For the start of the baseball season, former MLB player Doug Glanville shares his favorite books on the sport. His new book,
The Game From Where I Stand, is out next month. Plus,
view our gallery of presidents' first-pitches.
Baseball is an inspiring game. Many have tried to explain why and how, but it is what it is... My take is that it is every day life in the purest of forms. Games come at you relentlessly no matter if you are rested, sick, excited, edgy, or tired of your favorite team's excuses. You have to face yourself and your opponent every single day and find a way to make it to the next one. The ebbs and flows, highs and lows of a game make for great poetry by celebrating expectation, hope, dream, and possibility and just when you think you have it figured out, it rains, the season ends, it goes on strike, Mike Schmidt retires, and once again you are humbled by everything life has taught us. It isn't all in our hands. You just never know.
Several weeks ago, I was asked by The Daily Beast to recommend my favorite books that capture the spirit and essence of baseball.
The Long Season
By Jim Brosnan
50 years ago, Jim Brosnan let fans into the life of a baseball player. His book is witty, smooth, literary, and familiar. As a former player who played decades after Brosnan’s tenure, the stories took my back to many a moment during my career. I learned how much artistry and poetry there is in baseball.
The Complete Game
By Ron Darling
Wonderful insight into the mind and soul of a pitcher. Even though I enjoyed a 15 season professional career, as a position player, I only knew so much about what it means to be a pitcher. Darling brilliantly breaks his book into parts where each chapter is an inning in a complete game, using stories to support what state a pitcher is in during that frame in the marathon of a complete game.
Safe at Home
By Alyssa Milano
An upbeat and deep outpouring of an obsessed Dodger fan who happens to be a star actress. She points out that women are and have been great and knowledgeable fans and makes excellent comparisons to a life in baseball and a life in Hollywood. Her breakdown of steroids in the context of an actress trying to stay young is second to none.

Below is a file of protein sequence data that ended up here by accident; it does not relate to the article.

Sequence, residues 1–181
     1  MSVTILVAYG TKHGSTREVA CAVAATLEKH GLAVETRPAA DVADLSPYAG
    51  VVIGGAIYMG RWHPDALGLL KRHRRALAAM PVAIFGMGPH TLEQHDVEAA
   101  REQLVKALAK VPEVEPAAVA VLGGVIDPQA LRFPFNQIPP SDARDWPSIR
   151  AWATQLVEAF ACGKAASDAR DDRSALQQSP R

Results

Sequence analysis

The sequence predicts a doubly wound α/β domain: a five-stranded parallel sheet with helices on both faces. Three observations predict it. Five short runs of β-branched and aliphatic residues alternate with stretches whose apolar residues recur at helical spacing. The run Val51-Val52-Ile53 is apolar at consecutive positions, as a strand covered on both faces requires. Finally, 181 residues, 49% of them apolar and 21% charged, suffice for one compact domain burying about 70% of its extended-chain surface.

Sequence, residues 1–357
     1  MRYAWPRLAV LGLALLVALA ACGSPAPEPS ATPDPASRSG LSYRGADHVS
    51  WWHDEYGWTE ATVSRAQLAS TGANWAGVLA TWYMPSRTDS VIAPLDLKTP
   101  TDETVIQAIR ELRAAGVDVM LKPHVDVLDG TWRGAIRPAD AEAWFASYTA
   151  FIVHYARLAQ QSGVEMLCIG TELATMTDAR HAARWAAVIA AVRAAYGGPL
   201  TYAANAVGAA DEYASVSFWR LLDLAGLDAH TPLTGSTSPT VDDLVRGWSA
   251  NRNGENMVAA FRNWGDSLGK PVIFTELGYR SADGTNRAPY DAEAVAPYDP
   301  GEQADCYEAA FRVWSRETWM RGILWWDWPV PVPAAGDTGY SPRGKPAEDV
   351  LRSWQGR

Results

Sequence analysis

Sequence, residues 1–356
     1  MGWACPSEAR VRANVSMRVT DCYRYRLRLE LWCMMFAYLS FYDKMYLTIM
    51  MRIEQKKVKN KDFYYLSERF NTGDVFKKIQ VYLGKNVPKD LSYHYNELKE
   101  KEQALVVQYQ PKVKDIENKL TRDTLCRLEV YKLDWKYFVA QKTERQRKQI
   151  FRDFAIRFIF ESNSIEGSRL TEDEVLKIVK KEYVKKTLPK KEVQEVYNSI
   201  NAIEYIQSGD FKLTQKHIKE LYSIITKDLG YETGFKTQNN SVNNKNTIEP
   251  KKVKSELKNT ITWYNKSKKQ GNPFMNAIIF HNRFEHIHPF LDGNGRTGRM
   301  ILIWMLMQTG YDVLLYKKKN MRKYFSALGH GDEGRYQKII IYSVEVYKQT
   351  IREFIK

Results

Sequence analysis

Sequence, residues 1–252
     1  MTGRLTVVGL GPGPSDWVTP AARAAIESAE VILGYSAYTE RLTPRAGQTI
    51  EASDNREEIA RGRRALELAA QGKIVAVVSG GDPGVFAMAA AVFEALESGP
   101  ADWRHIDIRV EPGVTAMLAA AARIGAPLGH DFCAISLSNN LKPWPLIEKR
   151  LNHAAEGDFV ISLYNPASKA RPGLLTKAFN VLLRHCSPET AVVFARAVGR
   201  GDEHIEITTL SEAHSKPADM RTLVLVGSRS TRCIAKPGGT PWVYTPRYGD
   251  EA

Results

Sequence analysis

Three Nights in August
By Buzz Bissinger
Buzz writes like a magician, so that was a given, but what I liked about this book was deeply personal. He walked us through three games in 2003. Cubs v. Cardinals, when I was playing for the Cubs. In effect, he left me a literary description of a snapshot of my life in baseball, during my twilight years. It was like seeing something again from a new angle. In this case, through the mind and savvy of Tony LaRussa.
I Had A Hammer
By Hank Aaron
An amazing journey into the soul and life of Hank Aaron. It was shocking to read this the first time marked by how a great moment like breaking Babe Ruth's career home run record was laced with hatred and disdain. I felt like I was there. I also was humbled by learning how hard it was for black players during a time when I was already here on Earth. It certainly helped me appreciate how someone can achieve such greatness against so many odds.
By Jose Canseco
Canseco has been brushed off as the "crazy man in the room" but there is little "crazy" in this book. In fact it appears to be a very honest assessment of steroids and baseball. I learned how much science goes into the program for players who chose to juice, not to mention that my Dad (a psychiatrist when he was with us) would be proud to know that Psych 101 was at work in showing how family can play such a dynamic role in your choices. Canseco battled insecurity and living up to a promise he made his Mom on her deathbed and it shaped his choices throughout.
Doug Glanville played center field for the Philadelphia Phillies, Chicago Cubs, and Texas Rangers from 1996 through 2004. His new book, The Game from Where I Stand, is out in early May. A graduate of the University of Pennsylvania, he lives with his family in Chicago.